Is it possible to send senders of leaflets an invoice and claim the money via the small claims court, in a similar way to how Ikea sends a parking charge if you have been on their property (car park) too long? Junk mail senders are trespassing on my land and ignoring a polite notice not to post anything that is not personally addressed. Would it not be right that we as individuals can submit an invoice to the sender and then take them to court for non-payment after a suitable period of time?
You can certainly send them an invoice but it's unlikely the sender would pay up; and if the sender would challenge your (legal) claim you'd almost certainly loose the case. Ignoring an anti-junk mail sign is rude, and you'd hope that most senders respect such signs, but there's nothing in current law that enables you to enforce anti-junk mail signs.
A better option is to send individual senders a trespass notice. The main difference with your suggested approach is that you'd enter a legal agreement with the sender – when the agreement is breached (i.e. when the sender enters your property to deliver junk mail) you can then send them an invoice. This approach has been tried with some success (follow the above link for a detailed explanation and example notice letter) but legally it seems questionable. I can't really say much more on the legality – I'm not a solicitor.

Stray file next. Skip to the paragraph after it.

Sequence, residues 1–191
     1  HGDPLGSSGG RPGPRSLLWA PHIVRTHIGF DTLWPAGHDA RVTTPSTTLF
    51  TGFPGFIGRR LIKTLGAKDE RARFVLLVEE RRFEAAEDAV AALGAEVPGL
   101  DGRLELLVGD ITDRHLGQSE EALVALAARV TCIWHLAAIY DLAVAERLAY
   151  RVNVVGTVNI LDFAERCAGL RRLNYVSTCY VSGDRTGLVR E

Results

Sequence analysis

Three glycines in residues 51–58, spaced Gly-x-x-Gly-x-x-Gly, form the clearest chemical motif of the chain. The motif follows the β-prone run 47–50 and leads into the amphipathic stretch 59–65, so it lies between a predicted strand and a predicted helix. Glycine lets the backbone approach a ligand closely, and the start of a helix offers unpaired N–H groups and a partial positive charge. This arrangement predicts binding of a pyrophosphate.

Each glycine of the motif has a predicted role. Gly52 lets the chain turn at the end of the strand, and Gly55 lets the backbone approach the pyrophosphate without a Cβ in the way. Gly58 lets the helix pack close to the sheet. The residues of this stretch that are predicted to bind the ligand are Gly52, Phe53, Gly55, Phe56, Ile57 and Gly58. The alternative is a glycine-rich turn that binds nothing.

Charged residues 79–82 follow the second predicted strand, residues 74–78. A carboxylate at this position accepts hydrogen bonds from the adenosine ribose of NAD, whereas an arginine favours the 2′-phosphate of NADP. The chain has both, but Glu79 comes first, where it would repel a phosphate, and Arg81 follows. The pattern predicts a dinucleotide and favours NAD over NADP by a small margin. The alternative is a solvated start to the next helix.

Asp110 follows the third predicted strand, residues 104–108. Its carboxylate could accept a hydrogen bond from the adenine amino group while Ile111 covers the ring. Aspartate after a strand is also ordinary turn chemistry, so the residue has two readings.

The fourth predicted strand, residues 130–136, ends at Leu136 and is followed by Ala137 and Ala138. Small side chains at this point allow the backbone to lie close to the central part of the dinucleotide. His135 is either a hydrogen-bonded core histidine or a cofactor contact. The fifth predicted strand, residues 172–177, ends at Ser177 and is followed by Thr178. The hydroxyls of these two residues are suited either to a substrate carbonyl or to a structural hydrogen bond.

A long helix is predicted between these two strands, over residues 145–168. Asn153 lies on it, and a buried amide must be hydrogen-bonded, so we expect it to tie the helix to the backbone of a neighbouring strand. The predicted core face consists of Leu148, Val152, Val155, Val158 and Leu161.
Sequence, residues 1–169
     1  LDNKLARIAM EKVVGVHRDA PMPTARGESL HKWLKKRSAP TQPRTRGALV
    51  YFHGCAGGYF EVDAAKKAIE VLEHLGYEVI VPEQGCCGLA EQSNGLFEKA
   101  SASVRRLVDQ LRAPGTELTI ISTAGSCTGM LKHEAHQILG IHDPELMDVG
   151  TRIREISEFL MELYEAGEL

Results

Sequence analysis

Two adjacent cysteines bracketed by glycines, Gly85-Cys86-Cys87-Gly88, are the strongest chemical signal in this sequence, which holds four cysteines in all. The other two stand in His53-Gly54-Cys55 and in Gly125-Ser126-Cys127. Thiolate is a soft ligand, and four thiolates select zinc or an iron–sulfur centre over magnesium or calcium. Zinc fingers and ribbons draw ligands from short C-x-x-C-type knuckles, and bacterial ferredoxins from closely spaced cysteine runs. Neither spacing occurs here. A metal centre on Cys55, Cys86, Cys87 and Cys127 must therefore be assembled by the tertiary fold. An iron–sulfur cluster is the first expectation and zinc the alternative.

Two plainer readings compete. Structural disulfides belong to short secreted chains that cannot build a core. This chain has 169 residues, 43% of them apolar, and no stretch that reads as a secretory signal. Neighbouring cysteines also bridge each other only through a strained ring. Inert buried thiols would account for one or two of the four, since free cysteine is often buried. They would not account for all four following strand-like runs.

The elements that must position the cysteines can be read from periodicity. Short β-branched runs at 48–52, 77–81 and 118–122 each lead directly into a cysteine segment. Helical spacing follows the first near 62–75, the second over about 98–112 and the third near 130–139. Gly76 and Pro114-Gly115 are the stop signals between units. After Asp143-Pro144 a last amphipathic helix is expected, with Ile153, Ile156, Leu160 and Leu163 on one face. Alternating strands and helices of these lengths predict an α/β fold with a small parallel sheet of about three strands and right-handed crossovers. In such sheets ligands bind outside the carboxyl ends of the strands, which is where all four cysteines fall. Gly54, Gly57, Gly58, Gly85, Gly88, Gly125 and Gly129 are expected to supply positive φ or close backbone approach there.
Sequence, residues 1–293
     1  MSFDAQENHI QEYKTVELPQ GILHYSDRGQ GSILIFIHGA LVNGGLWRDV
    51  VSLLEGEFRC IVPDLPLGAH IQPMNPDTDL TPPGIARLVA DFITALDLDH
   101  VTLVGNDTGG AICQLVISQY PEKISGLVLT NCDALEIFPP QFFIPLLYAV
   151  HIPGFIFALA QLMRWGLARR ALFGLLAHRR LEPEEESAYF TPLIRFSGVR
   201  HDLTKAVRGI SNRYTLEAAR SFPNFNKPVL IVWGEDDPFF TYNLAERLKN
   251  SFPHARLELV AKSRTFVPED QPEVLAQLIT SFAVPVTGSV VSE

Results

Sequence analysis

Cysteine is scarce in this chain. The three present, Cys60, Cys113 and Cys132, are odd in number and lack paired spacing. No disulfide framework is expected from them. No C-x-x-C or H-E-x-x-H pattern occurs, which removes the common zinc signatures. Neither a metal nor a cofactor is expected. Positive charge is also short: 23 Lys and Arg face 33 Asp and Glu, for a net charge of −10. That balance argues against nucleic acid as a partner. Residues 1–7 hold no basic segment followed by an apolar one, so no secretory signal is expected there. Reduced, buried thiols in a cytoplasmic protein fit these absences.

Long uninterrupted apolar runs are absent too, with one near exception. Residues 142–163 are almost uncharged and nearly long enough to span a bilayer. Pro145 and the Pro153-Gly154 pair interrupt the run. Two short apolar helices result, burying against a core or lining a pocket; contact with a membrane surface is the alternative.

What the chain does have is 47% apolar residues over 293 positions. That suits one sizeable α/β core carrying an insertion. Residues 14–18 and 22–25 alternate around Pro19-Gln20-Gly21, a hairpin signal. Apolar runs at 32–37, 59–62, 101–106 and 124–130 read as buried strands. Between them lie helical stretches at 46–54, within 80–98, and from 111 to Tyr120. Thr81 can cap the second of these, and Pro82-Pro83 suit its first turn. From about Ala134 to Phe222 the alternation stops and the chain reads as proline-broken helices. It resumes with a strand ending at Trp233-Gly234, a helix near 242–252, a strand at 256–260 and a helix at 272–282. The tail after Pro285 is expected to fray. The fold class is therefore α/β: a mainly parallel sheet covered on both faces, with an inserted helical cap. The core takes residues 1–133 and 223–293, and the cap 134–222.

You could perhaps stick a huge notice on your door, with a text explaining that depositing unsolicited mail on your property is considered an offence. I'm not sure if such a notice would constitute a legal agreement – if you're seriously considering going down this route you should ask for proper legal advice. I suspect they'd agree that a formal trespass notice would have more chance of success, but then again I'm not a legal expert.
Finally, there are other (easier!) things you can do. For instance, why not send any unaddressed junk mail you get back to the sender in an unstamped envelope, with a note asking the sender to respect 'No Junk Mail' signs in future? It will annoy the sender, cost them a little bit of money, and it will make them aware of the issue. If enough people take such action even the most dodgy junk mail senders would very quickly start respecting anti-junk mail signs.